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  5. You're confusing primary vs. secondary targets, with guilty vs. innocent individuals. The two ideas are related, but are not the same.

    The question is, are the attackers assigning collective guilt and harming any individual members of that group? Or are they going after particular individuals who they believe have done wrong in the past / will do wrong in the future?

    The anti-abortion attackers have never engaged in a judgment based on collective guilt. The Islamic attackers almost always do.

    Shooting up a military base comes from collective guilt -- for all we know, the victims have never been deployed, let alone to Iraq or Afghanistan, and have no authority to direct larger actions against those countries.

    Is it the same as bombing Pearl Harbor? No: that had military strategic ends, purely utilitarian. Going on a shooting spree at Fort Hood, the terrorist knows will not in itself cripple or shut down our occupation or bombing of Iraq and Afghanistan (or wherever else). Its goal is not utilitarian but ideological -- meant to send a message through public spectacle, unlike Pearl Harbor and other utilitarian attacks on primary targets.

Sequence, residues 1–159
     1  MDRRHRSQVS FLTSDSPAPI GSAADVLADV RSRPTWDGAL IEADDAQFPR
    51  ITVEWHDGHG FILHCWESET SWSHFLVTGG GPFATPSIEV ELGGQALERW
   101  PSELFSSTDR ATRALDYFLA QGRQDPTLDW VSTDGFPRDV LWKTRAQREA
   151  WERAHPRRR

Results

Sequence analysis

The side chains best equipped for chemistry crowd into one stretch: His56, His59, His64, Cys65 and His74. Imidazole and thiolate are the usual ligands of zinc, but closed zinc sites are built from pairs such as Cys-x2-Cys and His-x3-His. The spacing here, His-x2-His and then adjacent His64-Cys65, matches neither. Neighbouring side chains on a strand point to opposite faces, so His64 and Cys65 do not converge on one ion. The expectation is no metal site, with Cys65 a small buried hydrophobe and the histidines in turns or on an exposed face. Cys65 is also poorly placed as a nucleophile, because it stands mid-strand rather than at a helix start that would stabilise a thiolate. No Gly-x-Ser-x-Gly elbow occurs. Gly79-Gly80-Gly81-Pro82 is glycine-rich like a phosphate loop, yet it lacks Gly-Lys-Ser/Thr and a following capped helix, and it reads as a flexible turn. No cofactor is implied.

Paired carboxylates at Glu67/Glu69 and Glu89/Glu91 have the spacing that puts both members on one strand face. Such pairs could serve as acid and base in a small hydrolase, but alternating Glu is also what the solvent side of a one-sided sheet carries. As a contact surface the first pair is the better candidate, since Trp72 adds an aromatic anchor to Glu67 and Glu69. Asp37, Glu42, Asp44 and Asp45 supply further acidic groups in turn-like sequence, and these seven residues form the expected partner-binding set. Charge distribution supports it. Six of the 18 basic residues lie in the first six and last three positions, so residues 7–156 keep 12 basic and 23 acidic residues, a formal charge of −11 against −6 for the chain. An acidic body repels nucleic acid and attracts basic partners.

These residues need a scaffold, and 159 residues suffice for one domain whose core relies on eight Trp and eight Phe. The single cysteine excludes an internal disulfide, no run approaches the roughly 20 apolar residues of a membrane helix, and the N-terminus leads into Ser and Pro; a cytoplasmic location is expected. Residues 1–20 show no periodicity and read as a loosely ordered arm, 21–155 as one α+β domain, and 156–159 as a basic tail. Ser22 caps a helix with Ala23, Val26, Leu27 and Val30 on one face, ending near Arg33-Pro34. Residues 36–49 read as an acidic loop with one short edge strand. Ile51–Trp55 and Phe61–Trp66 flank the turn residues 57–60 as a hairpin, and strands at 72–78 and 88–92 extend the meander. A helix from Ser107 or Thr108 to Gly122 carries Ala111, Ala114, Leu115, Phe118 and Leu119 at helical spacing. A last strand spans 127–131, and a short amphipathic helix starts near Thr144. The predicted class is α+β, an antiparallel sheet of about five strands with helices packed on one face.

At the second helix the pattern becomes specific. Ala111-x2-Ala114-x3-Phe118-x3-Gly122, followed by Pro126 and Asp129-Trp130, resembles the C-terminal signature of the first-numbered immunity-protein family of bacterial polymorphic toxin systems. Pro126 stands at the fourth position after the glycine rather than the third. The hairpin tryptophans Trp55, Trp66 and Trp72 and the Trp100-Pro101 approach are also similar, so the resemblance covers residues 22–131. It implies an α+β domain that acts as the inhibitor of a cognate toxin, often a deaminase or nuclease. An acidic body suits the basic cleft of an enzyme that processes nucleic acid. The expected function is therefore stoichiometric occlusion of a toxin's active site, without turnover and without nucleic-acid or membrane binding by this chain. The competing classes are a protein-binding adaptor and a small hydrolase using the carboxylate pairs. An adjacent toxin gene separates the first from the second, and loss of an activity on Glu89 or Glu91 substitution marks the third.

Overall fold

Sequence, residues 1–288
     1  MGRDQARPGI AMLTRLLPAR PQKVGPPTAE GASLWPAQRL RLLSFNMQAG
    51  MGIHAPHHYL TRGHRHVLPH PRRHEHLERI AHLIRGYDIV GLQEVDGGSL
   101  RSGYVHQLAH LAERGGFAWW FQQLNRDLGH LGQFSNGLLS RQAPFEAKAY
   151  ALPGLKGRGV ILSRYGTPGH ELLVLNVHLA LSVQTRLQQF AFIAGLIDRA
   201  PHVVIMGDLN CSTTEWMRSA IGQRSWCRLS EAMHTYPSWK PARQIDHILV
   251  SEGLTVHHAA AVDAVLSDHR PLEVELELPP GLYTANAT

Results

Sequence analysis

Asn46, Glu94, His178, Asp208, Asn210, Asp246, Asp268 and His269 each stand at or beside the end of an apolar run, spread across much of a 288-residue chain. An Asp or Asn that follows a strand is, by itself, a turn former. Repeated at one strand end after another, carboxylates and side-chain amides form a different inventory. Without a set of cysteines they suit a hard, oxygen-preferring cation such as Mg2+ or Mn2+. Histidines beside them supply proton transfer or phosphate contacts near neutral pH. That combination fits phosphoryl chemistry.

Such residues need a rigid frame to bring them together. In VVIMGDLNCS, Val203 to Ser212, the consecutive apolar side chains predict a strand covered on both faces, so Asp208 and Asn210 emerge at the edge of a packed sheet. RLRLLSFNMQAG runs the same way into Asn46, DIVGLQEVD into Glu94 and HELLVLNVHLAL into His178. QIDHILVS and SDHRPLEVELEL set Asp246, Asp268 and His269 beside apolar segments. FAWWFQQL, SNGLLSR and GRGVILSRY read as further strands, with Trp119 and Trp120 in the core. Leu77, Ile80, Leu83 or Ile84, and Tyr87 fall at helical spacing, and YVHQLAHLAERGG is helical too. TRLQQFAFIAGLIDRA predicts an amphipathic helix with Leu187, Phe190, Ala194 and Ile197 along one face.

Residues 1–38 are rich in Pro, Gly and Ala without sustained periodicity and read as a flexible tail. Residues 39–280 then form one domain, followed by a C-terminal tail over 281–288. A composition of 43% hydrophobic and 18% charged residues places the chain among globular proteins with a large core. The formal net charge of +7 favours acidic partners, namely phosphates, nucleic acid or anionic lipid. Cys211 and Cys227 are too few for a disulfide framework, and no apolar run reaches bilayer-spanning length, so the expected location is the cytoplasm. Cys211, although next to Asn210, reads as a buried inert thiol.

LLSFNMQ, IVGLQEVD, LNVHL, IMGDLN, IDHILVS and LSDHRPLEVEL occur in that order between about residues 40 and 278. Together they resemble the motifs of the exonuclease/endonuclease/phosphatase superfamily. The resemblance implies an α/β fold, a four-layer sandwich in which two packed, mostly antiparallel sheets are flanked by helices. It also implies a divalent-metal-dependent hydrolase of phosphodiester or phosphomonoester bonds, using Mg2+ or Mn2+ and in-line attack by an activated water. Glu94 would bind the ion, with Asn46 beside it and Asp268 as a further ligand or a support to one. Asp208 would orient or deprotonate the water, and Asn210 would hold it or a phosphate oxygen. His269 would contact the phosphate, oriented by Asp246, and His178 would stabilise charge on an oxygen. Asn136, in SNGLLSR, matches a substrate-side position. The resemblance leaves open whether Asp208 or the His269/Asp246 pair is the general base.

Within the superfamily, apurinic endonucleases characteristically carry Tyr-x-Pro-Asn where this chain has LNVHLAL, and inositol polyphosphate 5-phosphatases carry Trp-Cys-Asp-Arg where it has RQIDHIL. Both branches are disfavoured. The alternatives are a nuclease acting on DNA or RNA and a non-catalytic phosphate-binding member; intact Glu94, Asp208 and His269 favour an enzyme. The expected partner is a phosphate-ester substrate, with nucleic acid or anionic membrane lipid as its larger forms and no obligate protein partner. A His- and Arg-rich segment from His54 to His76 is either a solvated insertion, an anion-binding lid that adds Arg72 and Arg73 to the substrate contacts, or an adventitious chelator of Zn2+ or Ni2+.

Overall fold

And remember that Al-Qaeda didn't just attack the Pentagon, they hijacked a plane full of innocent passengers. The plane hijacking itself is terrorism, whether or not they accomplished any further destruction -- ditto the hijacked plane that crashed in Pennsylvania without reaching whatever its intended target was.

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  6. "For example, a doctor that does not rip fetuses out of women will now be less inclined to do so."

    Then punishing criminals is also terrorism -- designed to instill fear in would-be criminals, who might think twice about trying to commit a crime. At least you've committed yourself to believing that vigilante justice is terrorism, which it is not.

    Anti-abortion attacks all fit the profile of vigilante justice, not terrorism.

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  7. "And as everybody at a gay pride parade is a primary actor, it wouldn't be terrorism to bomb one."

    Sure it would. The bomber does not know what the specific victims have done or will do. If I recall correctly, some of the victims whom the Ultra-Orthodox Jew stabber targeted were not gay but gay allies / gay enablers. Not to mention that the victims in the audience for a pride parade would be mostly gay-enabling, while the actual gays are in the parade itself.